Like in every surgery, a proper training and knowledge is required in order to perform robotic surgery. The young generation is very much interested in technology and robotics and it is expected that we will have very successful and well-trained young robotic surgeons in the future.
Apoptosis is programmed cell death observed in all multicellular organisms. Apoptosis is essential to maintain tissue homeostasis through elimination of damaged, infected or aged cells. The decision to undergo apoptosis is made based on the cells’ interpretation of environmental stimuli or their self-assessment of cellular damage. Apoptosis tightly regulates cancer formation as well as response of cancer cells to currently available treatment strategies such as chemotherapy, irradiation or immunotherapy. However, most cancer cells possess an intrinsic resistance to apoptosis and find alternative strategies to evade cell death. In this lecture, we will review the molecular mechanisms behind apoptosis evasion in cancers and discuss how these mechanisms can be rewired to lead cancer cells to die.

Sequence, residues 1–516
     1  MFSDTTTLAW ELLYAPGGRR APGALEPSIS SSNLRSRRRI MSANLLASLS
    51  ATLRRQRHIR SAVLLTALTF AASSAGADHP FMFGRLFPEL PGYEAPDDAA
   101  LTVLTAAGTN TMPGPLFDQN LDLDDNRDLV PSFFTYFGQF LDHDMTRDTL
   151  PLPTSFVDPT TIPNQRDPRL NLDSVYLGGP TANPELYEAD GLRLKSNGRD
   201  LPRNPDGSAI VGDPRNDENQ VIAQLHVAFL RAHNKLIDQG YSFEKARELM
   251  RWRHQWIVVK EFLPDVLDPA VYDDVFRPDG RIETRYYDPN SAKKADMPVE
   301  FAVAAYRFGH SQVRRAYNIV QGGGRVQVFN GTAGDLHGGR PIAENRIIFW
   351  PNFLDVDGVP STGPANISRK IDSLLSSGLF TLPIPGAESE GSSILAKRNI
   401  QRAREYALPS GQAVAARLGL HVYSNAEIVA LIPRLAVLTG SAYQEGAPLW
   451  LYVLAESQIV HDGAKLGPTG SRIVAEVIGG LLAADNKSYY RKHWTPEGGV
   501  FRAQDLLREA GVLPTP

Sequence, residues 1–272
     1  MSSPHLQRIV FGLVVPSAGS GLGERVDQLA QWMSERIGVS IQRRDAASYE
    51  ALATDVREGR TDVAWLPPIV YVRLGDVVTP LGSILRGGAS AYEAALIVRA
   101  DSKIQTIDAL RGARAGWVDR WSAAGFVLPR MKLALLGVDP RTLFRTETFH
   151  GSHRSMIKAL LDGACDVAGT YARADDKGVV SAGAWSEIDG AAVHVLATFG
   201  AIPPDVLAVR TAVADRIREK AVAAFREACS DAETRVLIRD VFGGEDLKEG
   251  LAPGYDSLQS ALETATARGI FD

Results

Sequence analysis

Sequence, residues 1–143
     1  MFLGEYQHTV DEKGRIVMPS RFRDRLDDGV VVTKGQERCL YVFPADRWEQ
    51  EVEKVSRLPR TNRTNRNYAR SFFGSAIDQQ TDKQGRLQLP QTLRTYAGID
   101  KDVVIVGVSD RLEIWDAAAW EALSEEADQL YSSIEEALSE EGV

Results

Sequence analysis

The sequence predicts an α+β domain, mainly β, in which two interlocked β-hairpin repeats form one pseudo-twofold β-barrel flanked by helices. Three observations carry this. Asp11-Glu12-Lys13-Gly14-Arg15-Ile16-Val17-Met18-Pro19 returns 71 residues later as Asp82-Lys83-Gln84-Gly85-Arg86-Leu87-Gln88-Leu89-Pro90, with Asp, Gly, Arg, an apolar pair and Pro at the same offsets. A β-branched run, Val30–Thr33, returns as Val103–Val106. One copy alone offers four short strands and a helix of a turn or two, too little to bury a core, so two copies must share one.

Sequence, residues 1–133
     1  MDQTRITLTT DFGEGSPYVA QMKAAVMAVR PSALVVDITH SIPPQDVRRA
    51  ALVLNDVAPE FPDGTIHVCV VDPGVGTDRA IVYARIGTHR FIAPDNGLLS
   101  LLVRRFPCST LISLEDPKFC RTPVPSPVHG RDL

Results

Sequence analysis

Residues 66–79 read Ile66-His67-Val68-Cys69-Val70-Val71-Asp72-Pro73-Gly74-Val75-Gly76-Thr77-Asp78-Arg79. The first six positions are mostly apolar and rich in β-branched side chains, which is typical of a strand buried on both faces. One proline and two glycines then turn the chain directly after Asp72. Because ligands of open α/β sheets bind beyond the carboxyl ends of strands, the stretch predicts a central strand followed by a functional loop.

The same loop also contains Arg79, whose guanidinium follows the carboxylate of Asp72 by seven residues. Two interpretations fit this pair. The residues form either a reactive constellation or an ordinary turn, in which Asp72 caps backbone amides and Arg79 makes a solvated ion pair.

Histology is the study of the microscopic structure of cells, tissues, organs and organ systems. The subject of histology also concerns the body’s function and has a direct relationship to other disciplines including cell biology, embryology, physiology, gross anatomy, biochemistry, and pathology. In this lecture, the diverse methods used by histologists to study the microscopic anatomy of the body will be outlined. Besides, as a typical example of the application of histologic approach in scientific research, the use of microscopic techniques in understanding the functional and structural characteristics of the blood-brain barrier will be discussed.